Comparing a hybrid to a pure-ICE car and saying the manufacturer didn't implement it properly is kind of unfair. In a Prius, the SMG is used to both get the car moving and start the engine, sometimes at the same time, sometimes not. This is not the same thing as in an ICE car, where a conventional starter must fire the motor and CANNOT move the vehicle on its own. Additionally, hybrid engines use the Atkinson cycle, where the intake valves remain open for a good portion of the compression stroke. This is good for starting smoothness, but horrible for low-speed power, which is why you almost never see Atkinson-powered conventional cars.

Teague
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Re: Subaru Outback engine stop/start

Post by Teague » Fri Jan 24, 2020 11:38 am

smalliebigs wrote:
Thu Jan 23, 2020 10:27 pm
Teague wrote:
Thu Jan 23, 2020 8:01 pm
I've wondered about this. Suppose the system is stopped for a light, and the clueless driver floors it the second the light turns green. Let's have them towing a good sized trailer, uphill, for good measure. So we've got all this load on the rod bearings and other parts squeezing out that oil film all of a sudden, before we've reestablished full oil pressure and flow, no? That sounds pretty dicey to me. What am I missing?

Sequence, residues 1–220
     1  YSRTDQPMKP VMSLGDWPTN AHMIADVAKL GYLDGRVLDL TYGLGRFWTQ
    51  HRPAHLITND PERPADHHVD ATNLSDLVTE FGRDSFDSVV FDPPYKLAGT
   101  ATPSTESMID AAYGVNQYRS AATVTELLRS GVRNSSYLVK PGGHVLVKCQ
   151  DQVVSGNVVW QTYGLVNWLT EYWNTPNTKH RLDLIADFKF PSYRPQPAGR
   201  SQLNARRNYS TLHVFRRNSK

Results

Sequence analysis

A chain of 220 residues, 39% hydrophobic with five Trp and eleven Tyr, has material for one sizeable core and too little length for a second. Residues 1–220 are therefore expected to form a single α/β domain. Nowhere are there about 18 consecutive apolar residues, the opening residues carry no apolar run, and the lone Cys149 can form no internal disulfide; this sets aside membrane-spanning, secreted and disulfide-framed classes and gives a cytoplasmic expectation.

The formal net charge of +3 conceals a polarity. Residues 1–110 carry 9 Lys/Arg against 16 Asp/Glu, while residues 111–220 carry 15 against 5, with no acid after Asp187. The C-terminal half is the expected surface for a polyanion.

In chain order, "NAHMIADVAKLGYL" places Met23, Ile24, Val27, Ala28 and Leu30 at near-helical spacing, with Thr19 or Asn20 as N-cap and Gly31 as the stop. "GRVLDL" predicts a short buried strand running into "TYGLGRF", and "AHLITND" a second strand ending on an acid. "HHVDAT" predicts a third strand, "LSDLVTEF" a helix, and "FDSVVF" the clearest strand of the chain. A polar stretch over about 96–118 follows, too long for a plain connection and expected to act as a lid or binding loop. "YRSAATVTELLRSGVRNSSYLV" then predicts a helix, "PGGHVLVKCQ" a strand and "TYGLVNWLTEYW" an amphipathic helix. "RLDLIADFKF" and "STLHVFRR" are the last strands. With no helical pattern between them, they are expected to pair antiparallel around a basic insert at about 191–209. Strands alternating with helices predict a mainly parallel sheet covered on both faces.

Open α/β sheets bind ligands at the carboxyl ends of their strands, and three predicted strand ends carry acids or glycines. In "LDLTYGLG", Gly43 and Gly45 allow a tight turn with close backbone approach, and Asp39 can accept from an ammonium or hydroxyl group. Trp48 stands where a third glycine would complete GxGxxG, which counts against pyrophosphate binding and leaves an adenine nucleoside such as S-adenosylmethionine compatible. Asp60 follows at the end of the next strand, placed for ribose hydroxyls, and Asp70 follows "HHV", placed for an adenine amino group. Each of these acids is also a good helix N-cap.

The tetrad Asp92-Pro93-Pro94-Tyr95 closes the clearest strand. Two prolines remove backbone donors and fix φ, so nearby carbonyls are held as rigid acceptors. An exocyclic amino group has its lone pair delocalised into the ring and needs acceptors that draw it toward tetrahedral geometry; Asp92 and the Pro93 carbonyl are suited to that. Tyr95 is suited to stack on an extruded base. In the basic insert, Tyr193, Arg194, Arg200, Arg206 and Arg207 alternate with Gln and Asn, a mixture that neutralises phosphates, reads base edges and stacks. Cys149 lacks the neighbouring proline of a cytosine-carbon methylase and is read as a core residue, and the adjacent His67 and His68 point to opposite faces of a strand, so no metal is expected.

There are many factors that need to be met for the start/stop system to activate, such as: battery voltage, engine temperature, oil pressure, gear, steering wheel angle, etc., etc. So the conditions will naturally eliminate if the engine is cold and if the oil pressure is low.

What you need to realize is that modern cars, since 10 years ago, are drive by wire. You're not physically activating the throttle, but actually making a torque request to the ECU. Based on how deep you push the throttle, and if there's towing, the ECU will control the RPM, fuel, gearing, etc., to provide the best torque as required, whilst maintaining system safety. So it is near impossible to cause anything hairy. We design the engine and control systems to be conservative so as to stay within the safety margins. The last thing that we definitely want is to pay out warranty claims.
Makes sense. Thanks.
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OAG
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Re: Subaru Outback engine stop/start

Post by OAG » Fri Jan 24, 2020 12:09 pm

I have that "feature" on my VW Tiguan. On this vehicle the engine shuts off when you stop (using your brakes) and it will restart when you move you foot off of the brakes. It, of course can be turned off, and reengages when you restart the vehicle. I initially disliked it and turned off all the time. However, now I just ignore the thing. Seems like it does not bother me any longer and the vehicle is under warranty for 6 years so I am not worried about the starter or any other mechanical problems involving the "feature".
Last edited by OAG on Fri Jan 24, 2020 1:39 pm, edited 1 time in total.
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dbr
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Re: Subaru Outback engine stop/start

Post by dbr » Fri Jan 24, 2020 12:11 pm

I had this in a rented Volvo. It was just really irritating. We figured out how to turn it off for the duration.